Southmead Hospital Saved Me In 1934 – Marion’s Memory Lane

Marion now.

When my grandparents’ house was condemned in the early 30s they were offered a council house in Southmead or Knowle West. They decided to choose Southmead as there was a hospital and my grandfather had heart problems. After moving to Eastleigh Road my grandfather did have a slight heart attack and he was admitted to the hospital for a short time.

When I was about three years old I was sent to Southmead Hospital with double pneumonia and it was touch and go whether I would pull through. But with good nursing and treatment I am here today. My Grandmother took me to have my picture taken (shown here) shortly after my recovery.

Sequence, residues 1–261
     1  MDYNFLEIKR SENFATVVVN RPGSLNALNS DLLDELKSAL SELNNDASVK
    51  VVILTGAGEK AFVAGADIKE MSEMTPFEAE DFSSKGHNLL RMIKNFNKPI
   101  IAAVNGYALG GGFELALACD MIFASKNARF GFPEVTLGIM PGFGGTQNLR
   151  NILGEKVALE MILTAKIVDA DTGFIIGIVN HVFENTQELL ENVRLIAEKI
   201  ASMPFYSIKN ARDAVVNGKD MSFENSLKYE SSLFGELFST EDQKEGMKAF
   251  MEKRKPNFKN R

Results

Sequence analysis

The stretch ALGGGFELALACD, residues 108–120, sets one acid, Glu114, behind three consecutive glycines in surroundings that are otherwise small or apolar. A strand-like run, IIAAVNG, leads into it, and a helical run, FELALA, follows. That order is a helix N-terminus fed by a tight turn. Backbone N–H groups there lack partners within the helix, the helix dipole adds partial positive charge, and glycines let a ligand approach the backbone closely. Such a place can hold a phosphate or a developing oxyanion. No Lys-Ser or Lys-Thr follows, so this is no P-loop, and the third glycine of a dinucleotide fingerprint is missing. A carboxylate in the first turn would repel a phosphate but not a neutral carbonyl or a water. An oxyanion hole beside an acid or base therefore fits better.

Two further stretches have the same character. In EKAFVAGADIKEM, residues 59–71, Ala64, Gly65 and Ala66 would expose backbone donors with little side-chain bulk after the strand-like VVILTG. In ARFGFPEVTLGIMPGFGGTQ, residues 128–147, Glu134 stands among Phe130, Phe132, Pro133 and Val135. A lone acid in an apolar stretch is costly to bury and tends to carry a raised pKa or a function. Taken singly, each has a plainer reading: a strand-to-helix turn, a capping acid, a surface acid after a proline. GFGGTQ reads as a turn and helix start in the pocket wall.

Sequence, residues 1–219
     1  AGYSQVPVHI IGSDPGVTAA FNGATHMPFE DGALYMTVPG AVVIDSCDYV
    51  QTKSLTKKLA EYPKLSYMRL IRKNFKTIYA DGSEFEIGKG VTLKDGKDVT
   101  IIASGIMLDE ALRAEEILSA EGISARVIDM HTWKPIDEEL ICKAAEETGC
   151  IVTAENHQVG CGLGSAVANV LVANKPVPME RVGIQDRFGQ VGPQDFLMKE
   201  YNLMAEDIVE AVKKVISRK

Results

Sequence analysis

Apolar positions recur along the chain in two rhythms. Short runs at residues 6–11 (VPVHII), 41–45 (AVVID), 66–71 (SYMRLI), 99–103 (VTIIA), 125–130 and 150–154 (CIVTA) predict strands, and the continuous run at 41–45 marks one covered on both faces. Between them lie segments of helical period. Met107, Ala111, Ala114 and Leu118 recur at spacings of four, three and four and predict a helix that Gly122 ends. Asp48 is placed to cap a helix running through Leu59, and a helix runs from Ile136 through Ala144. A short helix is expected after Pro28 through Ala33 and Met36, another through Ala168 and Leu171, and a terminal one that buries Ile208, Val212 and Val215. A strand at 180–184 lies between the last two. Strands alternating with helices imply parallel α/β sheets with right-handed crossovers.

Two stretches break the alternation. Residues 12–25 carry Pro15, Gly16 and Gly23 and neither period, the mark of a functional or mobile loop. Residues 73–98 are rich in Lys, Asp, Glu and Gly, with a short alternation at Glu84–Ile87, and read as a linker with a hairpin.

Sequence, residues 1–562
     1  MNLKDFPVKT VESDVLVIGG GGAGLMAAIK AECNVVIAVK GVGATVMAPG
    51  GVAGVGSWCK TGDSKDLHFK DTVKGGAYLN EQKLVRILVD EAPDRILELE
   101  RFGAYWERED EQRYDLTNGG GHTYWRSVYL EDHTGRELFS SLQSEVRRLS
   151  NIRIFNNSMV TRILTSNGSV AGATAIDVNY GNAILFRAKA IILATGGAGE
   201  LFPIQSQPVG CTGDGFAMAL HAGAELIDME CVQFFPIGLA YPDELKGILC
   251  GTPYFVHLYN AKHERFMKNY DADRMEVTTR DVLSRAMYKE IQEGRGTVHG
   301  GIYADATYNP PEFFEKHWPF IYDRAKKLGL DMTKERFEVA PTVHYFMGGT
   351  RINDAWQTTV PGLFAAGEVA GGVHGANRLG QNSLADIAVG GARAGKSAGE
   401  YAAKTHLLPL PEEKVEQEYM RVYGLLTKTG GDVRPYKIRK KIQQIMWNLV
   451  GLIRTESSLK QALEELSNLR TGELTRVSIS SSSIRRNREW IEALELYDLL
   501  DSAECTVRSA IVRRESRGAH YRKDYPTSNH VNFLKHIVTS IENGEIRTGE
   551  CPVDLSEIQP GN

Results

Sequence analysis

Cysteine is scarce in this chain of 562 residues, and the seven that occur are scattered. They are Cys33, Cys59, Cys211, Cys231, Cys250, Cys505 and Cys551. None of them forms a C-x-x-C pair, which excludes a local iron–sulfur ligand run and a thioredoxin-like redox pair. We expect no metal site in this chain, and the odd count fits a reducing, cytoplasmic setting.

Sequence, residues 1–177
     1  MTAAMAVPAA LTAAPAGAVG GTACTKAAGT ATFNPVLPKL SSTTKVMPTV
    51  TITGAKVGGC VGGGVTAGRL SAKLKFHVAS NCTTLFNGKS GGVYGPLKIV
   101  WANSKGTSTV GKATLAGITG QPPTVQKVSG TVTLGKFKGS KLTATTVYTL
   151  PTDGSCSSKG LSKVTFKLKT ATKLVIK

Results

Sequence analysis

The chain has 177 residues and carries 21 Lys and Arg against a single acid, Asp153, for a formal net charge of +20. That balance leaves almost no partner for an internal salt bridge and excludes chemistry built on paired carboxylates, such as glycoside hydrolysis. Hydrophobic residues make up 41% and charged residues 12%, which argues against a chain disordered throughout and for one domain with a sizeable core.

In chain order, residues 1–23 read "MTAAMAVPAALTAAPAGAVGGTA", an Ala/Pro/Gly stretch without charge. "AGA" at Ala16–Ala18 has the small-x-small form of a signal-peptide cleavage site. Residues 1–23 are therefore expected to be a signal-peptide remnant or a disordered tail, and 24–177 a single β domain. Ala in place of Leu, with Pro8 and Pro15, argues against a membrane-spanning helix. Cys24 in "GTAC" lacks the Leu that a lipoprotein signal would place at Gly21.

How things have changed from then to now. Nurses wore blue dresses and starched white aprons and a white starched cap. If they left the ward they had to wear their navy-blue cloak with a hood. Matron ruled the nurses and the wards. Visitors sitting on beds was not allowed. Today nurses seem to be able to go outside wearing the same clothes as they do on the wards. Over the last seventy years some things have changed for the good and some not so good.

Thanks to Southmead Hospital Marion is the picture of health here in 1934, and in 2018! However, Pneumonia was one of the biggest killer diseases in the 1930s and in 1933 took the lives of nearly 11,000 children aged 5 and under. To the left is a warning poster from the time.